Eduard Palisek has worked in several divisions of Siemens since 1996 and in 2010 was made head of the company in the Czech Republic. Palisek is clearly loved by the press and the younger generation for his openness and conciseness.
On the other hand, he is not so fondly received by his peers due to his courage to have and express his own, unique point of view.
Palisek has not only a wealth of industrial experience behind him, but also several degrees. He holds an undergraduate degree in mechanical engineering, received his master’s in business administration in 2001, and in 2008 a PhD in management and economics.
On “uneducated” graduates
The current market situation demands that students not remain locked in their narrow specialisations. They should find a way out of the confines of their academic majors in order to gain wide knowledge in various specialisations and spheres to enable them to react to market changes quickly. This is very important. Perhaps I do not hold the most widespread view on this issue.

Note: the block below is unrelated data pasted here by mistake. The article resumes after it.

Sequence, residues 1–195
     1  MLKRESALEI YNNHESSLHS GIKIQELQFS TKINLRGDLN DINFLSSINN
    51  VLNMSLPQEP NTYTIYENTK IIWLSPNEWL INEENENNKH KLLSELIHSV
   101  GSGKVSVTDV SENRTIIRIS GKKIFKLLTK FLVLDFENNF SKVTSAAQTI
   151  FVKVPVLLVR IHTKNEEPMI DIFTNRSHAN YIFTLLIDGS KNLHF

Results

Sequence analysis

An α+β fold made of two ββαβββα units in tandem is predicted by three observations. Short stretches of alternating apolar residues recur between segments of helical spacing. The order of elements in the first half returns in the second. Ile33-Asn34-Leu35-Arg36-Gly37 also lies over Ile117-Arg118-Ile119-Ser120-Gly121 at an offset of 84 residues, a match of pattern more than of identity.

Now, representatives of many large companies are saying that university graduates should be narrowly specialised. There are complaints that many young workers cannot be put to work immediately. I do not think so and I think this is not quite the right approach.
On the contrary, it is beneficial if graduates possess more knowledge – the more, the better because they will adapt to sudden changes in the firms they work in.
Graduates should not be locked into their professions and during their studies they should have the opportunity to dedicate study time to other subjects as well.
I repeat, I do not share the widespread complaints about today’s youth. Those who are dissatisfied with this generation often forget what they themselves knew in their youth and whether they were prepared for life after graduating. It is easy to judge a graduate if you have got a background of 30 years’ experience. T